When this happens, it serves the opposite purpose of what should be the intended outcome. The manager’s or supervisor’s goal should be the discovery of the root cause of the performance deficiency and then working with the employee to resolve it. Improvement of the individual’s performance should be the focus.

The Goal of Accountability

The purpose of holding people accountable isn’t the same as discipline. Accountability is about establishing performance expectations, communicating them, and helping employees understand where they are falling short. Correction of deficiencies and improvement of performance are the key.

Accountability is not discipline. Discipline may become part of the process after you have performed the other steps necessary to address root cause and help the employee improve performance, but it should not be the focus.

Begin With the End in Mind

Anytime a manager or supervisor is addressing a performance issue they should be thinking about what the end goal is. What does the ideal state of performance look like and how does it differ from the current state. But you also need to consider what the goal is with your relationship with the employee and their relationship with the team. If you have read Stephen Covey’s 7 Habits of Highly Effective People you will recognize this as Habit 2 – Begin with the End in Mind.

So often we are operating from a state of putting out fires that we don’t always take the time to really think about what the end goal is and what affect our actions are having on individuals in our organization and our team.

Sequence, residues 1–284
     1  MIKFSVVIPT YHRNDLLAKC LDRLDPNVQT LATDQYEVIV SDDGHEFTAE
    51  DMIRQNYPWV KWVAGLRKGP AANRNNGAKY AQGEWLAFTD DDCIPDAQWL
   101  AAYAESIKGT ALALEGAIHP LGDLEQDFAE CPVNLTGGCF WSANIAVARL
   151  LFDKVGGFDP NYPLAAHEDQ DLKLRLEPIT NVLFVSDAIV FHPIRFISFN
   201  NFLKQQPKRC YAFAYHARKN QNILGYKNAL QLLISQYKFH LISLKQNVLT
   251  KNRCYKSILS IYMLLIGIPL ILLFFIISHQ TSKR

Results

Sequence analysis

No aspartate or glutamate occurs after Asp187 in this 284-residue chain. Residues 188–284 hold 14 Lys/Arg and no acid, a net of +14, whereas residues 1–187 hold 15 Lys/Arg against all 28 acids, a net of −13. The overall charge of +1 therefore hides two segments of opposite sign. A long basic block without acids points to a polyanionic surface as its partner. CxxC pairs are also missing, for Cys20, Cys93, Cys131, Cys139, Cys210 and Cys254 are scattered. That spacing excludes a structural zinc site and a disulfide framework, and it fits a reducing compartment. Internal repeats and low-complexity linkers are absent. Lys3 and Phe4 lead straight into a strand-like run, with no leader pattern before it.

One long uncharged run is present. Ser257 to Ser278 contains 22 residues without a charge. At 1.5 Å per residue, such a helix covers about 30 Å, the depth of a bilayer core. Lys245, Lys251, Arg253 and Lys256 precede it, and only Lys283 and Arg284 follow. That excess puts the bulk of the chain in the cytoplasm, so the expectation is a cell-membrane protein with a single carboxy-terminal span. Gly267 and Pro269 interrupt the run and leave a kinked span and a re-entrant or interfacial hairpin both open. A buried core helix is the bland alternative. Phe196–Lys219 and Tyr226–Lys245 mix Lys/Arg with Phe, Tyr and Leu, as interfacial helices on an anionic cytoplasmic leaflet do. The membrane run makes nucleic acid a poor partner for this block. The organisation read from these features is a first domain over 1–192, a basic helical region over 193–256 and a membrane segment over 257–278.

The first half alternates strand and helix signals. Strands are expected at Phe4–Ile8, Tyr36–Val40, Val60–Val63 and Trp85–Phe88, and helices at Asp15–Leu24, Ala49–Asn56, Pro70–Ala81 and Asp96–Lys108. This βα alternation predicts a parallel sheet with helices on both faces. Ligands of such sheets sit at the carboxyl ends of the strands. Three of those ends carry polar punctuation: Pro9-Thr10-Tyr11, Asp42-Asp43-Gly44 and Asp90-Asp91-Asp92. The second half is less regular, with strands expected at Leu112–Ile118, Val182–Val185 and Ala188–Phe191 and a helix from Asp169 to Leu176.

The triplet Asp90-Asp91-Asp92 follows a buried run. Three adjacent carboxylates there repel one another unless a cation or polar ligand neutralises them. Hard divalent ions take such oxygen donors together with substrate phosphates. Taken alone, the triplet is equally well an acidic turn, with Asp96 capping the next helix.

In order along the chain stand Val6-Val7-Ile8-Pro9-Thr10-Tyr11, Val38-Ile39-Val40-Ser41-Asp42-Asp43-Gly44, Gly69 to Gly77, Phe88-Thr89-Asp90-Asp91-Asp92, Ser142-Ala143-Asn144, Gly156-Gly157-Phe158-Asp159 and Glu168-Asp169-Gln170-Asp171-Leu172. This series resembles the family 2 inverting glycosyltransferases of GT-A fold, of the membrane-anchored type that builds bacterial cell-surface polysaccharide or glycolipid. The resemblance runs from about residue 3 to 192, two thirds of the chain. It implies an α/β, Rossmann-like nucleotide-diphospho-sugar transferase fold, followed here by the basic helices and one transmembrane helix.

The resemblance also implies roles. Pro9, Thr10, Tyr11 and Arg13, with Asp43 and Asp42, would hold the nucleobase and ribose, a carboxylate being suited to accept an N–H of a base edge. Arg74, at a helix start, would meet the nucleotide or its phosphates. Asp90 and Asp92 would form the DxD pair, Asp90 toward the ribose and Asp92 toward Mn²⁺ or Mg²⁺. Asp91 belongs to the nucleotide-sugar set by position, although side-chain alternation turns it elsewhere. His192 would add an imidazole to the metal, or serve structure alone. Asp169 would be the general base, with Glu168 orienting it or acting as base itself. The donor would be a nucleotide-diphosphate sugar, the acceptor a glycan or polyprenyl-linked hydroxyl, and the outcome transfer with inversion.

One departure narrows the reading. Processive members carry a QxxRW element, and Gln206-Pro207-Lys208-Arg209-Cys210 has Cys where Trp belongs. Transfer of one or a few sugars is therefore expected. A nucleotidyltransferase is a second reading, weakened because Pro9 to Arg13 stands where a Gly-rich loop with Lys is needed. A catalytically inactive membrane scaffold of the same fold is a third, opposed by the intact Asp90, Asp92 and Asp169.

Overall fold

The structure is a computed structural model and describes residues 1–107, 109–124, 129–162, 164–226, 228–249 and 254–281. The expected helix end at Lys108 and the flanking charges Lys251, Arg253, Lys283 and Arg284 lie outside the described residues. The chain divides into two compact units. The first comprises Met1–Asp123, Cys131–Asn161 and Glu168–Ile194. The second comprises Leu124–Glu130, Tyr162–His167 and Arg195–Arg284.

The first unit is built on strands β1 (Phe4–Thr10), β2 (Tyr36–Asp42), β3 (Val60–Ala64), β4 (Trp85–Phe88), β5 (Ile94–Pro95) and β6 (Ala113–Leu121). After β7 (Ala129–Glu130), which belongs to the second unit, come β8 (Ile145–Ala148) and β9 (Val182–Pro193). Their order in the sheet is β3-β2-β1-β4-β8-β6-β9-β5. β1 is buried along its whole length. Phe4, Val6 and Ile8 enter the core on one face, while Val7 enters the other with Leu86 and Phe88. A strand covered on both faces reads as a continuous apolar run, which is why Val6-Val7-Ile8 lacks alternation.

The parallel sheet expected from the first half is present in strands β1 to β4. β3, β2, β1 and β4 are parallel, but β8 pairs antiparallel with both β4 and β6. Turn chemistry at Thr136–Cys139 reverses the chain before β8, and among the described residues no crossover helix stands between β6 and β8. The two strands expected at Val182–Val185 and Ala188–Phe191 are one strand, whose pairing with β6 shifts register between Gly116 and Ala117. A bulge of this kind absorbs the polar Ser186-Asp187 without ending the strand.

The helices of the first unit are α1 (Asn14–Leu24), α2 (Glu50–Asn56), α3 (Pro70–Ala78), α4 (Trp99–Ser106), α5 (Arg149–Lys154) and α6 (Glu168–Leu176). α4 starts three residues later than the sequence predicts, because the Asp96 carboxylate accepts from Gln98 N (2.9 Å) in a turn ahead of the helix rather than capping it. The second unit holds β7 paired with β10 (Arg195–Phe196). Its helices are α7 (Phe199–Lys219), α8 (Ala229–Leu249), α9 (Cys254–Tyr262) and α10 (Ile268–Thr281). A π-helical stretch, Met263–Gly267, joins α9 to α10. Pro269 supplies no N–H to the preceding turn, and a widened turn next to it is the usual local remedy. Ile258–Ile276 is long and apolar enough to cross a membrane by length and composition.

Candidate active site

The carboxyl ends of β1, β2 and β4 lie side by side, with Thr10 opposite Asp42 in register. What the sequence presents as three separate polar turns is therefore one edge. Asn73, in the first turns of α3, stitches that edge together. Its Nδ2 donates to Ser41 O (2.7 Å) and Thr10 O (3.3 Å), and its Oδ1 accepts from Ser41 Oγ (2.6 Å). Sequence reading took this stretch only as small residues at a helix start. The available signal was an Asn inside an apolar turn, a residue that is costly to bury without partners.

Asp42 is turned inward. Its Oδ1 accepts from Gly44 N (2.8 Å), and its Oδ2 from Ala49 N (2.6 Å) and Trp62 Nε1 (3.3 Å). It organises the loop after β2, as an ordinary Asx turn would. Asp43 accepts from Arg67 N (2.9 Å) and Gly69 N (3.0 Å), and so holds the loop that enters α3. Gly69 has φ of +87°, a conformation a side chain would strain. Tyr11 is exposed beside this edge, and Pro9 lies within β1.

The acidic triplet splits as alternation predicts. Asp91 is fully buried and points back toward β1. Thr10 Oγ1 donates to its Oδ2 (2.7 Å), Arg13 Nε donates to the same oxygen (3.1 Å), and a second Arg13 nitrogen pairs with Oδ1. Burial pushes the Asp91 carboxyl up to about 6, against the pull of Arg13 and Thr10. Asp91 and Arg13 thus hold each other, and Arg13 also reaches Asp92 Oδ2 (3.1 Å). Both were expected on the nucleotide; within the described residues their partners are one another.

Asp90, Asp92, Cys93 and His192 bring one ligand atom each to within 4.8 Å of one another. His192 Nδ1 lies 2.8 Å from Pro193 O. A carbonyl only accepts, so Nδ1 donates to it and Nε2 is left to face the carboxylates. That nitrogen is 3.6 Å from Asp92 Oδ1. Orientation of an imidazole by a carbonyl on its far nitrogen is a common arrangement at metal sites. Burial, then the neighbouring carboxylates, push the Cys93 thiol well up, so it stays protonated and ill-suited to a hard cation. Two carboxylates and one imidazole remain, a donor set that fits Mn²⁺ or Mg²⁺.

When addressing performance issues, the key is to identify what you hope to achieve in the correction of the problem. And to make sure that those actions are in line with overall company and team goals and objectives.

In most cases, the end goal is to maximize efficiencies to ensure profitability. To accomplish this, you need to motivate your employees to want to perform to a level that meets these objectives. Your accountability objectives should be focused on the best way to improve employee performance by engaging the employee in the solution and motivating them to want to correct it.

Placing blame does not motivate people. Being concerned about them and their performance does. Having a genuine concern for the success of the individual, and framing the problem resolution in that light will motivate much more than placing blame.

An Accountability Strategy

When accessing your accountability strategy consider the following:

  • What is the end state that is desired?
  • What actions can I take to try to reach this end state?